House prices must fall ‘another 16%’ to become affordable

House prices must fall ‘another 16%’ to become affordable

Prices are still 15.9% below their 2021 peak, according to the Real Estate Institute.

But home prices averaged 10.7 times personal income, higher than at any time before 2020, Kiernan said.

The average house price was 6.7 times household income, compared to a long-term average of 4.5.

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The cost of debt repayment is 43.4% of the average household income, assuming a 20% personal contribution, a 25-year mortgage term, and a home with an average price and the lowest available mortgage rate.

To return to the long-term average of 34.4%, which takes into account a drop in interest rates to 5.9%, house prices would need to fall another 16%, he said.

“That decline would effectively bring prices back to roughly the levels of the second half of 2020, which was not that long ago.

“But to be clear: a further 16% drop in house prices would not make the housing market cheaper, but would only bring it closer to average affordability.

“To bring the relationship between house prices and incomes back into line with their long-term average, declines of 32% (based on household income) to 38% (based on personal income) are needed. Such declines are much harder to sell politically.”

Independent economist Cameron Bagrie said house prices did not need to fall to become more affordable. Photo / Alex Burton
Independent economist Cameron Bagrie said house prices did not need to fall to become more affordable. Photo / Alex Burton

But independent economist Cameron Bagrie said house prices did not need to fall to become more affordable: “I agree with the spirit of what (Bishop) meant, but perhaps not with what he actually said.”

He said it would be better for the economy if affordability improved, as incomes would rise faster than house prices.

A sustained decline in house prices would be worrying, he said, because of the impact on the broader economy and the banking system, which is heavily dependent on mortgage lending.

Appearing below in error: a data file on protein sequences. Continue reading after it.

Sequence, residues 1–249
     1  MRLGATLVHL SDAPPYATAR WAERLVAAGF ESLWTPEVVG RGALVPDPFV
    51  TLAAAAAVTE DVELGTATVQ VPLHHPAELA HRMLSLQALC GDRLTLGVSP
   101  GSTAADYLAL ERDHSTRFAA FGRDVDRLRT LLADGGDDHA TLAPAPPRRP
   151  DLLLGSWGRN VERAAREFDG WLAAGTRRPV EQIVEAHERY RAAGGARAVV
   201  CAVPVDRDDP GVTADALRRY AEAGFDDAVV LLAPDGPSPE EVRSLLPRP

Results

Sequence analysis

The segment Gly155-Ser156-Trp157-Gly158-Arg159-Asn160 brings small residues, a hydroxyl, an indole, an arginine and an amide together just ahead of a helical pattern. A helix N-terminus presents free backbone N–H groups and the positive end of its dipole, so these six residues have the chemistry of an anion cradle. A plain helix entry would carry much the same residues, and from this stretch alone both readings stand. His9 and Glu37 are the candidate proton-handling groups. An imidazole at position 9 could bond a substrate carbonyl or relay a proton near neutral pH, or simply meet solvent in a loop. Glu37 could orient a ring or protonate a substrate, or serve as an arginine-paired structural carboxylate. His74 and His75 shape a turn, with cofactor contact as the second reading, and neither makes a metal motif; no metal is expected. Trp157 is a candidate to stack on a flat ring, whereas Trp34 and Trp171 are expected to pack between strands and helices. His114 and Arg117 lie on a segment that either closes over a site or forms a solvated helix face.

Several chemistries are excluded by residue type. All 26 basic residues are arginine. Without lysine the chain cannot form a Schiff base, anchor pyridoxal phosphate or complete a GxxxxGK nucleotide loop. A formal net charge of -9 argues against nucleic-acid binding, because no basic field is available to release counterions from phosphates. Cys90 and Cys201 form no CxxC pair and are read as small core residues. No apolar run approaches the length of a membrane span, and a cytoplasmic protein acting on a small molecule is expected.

“Be careful what you wish for here.”

If house prices grew slowly for a decade and income growth lagged, that would result in an orderly return to affordability, he said.

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Miles Workman, senior economist at ANZ, said a sharp drop in prices would have a significant impact on confidence and prosperity, resulting in a hard landing for the wider economy.

He said it could also exacerbate the fundamental problem of New Zealand’s housing shortage.

“Any transition to affordable levels is likely to be much less destructive if it is driven by the supply side, where policies aimed at freeing up more land for development, intensifying housing construction and cutting red tape are important.

“Not all scenarios in which house prices fall in the short term will lead to better affordability in the longer term.

“The best cure for our affordability problem is a supply response. That’s not something the (Reserve Bank) can do much about by moving the (Official Cash Rate) up and down as the business cycle ebbs and flows. This is a problem that transcends the business cycle and is therefore something that local and central government need to address.”

According to Eric Crampton, chief economist at the NZ Initiative, part of the solution would lie in relaxing the spatial planning rules that are actually creating scarcity.

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“New Zealand’s house prices have been artificially inflated by zoning and consenting practices that have made it far too difficult to build new housing estates, new townhouses and new apartments. Relieving that artificial scarcity would make housing more affordable,” he said.

A zoning change could boost the value of some properties because it would allow people to build more homes on the land, he said.

“The value of other urban land could decline, if the scarcity of zoning that contributes to its value were to decrease. But the cost of housing would and should decline.”